Gasification in Petroleum refinery  With increasing use of heavier crude and processing of heavy residue has resulted in increased production of tar, petroccoke and asphalt by various residues upgrading technologies processes like visbreaking, coking and deasphalting. These residues can be gasified for production of hydrogen, syn. gas, electricity ammonia and chemicals.. During recent years petrocoke gasification is getting interest by petroleum refiners for production of syn. gas which can be further process to separate hydrogen or can be used for production of useful chemicals.

Gasifier Configurations  

Various types of gasifier used are mention in Table M-II 3.3 and shown in Figure M-II 3.2 below: 

Table M-II 3.3: Various Type of Gasifier  

Fixed bed

Fixed bed involves an upward flow of reaction gas through a

relatively stationary bed of hot coal. The gas velocity is low.

Moving bed

gasifier

Moving bed gasifier operates counter currently where the coal

inter the gasifier at the top and moves downward and slowly

heated with the product gas. Gasification takes place in the gasification zone.

Fluidised bed gasifier e.g., Winkler/KBR/U-

GAS

Fluidised bed operates at higher gas velocities than fixed bed

and uses smaller particle. The gasifier operates at atmospheric

pressure and moderate and uniform temperature.

Entrained flow

gasifier

Entrained bed operates with parallel flows of reaction gas and

pulverized coal which minimize the reaction time and maximize throughput of product.. The residence time is few seconds. Ash

is removed as molten slag

Gasification Reactions:

Gasification of Coal, Petrocoke And Biomass Chemical Engineering Notes | EduRev

Where for gas as pure methane m=4 and n=1 hence m/n=4

For oil m/n≈2 hence m=2, n=1

For coal m/n≈1 hence m=1,n=1 

It is exothermic and produces a gas containing mainly CO and H2. The raw synthesis gas contains small quantities of CO2, H2O and H2S and impurities, such as CH4, NH3, COS, HCN, N2, Argon and ash, the quantities being determined by the composition of the feedstock, the oxidant and actual gasification temperature (1300-1400oC). A small amount of unconverted carbon is also present and ranges from 0.5 to 1.0 by percent wt in liquid feedstock or 50-200 ppm wt in gaseous feedstock. The various reactions can be summarized as follows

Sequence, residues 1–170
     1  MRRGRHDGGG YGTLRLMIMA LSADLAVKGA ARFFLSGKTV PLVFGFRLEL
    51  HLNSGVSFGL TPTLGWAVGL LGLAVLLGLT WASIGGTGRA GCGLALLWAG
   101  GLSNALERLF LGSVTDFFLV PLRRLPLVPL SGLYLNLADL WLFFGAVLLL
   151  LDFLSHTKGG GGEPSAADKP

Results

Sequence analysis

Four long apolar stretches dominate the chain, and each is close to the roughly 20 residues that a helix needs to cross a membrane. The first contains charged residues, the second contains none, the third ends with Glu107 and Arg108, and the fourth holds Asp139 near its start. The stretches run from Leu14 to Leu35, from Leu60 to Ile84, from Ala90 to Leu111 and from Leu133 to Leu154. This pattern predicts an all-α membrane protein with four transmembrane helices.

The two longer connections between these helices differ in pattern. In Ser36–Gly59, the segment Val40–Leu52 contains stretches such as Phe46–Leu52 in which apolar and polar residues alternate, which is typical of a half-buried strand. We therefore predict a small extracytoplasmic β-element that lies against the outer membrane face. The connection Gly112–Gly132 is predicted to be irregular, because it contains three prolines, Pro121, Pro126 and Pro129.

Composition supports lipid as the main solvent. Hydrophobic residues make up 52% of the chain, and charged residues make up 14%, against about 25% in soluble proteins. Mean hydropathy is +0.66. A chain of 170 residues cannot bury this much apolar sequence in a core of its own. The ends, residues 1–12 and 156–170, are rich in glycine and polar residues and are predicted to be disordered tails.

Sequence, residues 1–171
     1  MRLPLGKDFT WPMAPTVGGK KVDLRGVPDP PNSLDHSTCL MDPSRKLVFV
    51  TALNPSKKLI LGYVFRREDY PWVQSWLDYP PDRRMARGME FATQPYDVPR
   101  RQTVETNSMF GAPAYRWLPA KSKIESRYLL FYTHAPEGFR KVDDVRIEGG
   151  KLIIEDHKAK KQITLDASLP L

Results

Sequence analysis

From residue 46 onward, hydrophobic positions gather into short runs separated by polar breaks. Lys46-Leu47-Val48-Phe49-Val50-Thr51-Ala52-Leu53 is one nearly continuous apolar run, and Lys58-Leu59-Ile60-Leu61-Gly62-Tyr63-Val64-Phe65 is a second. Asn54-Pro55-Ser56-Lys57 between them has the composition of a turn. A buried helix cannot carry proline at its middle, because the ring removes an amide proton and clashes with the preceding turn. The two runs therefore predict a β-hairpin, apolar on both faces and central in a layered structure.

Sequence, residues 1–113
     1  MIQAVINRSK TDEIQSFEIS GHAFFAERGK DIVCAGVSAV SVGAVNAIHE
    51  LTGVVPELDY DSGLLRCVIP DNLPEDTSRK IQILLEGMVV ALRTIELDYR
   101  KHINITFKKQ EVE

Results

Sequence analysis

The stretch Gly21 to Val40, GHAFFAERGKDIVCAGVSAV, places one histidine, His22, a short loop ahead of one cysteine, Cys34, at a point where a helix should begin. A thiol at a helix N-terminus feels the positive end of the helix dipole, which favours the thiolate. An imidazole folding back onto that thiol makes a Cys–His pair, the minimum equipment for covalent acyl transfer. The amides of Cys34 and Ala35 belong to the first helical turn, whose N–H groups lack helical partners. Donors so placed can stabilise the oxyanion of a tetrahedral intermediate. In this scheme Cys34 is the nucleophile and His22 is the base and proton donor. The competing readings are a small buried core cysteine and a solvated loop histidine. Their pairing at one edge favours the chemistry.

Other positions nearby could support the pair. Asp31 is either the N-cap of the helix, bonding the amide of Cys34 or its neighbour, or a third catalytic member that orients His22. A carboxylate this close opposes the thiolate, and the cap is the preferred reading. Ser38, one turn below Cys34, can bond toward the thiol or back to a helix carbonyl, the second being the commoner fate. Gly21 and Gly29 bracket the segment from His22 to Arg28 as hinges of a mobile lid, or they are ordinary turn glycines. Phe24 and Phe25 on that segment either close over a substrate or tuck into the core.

Gasification of Coal, Petrocoke And Biomass Chemical Engineering Notes | EduRev

Gasification of Coal, Petrocoke And Biomass Chemical Engineering Notes | EduRev

Gasification of Coal, Petrocoke And Biomass Chemical Engineering Notes | EduRev

Gasification of Coal, Petrocoke And Biomass Chemical Engineering Notes | EduRev

Gasification of Coal, Petrocoke And Biomass Chemical Engineering Notes | EduRev

Figure M-II 3.2: Various Type of Gasifier Commonly Used 

Gasification of Coal, Petrocoke And Biomass Chemical Engineering Notes | EduRev

Figure M-II 3.3: Fluidised bed gasifier  \

NEW GASIFIER DESIGNS 

GE Global/ Unmixed Fuel Processor (UOP):

  • Elimination of Air Separation Unit (ASU)
  • High Temperature Syngas Clean up
  • Higher efficiency
  • Lower cost

KBR Transport Gasifier (TRIGTM

  • Low rank, high-ash, high-moisture coal compatible
  • For power generation, air can be employed as the oxidant
  • Lower cost predicted
  • Higher availability predicted
  • Non-slagging, and refractory issues should therefore be minimal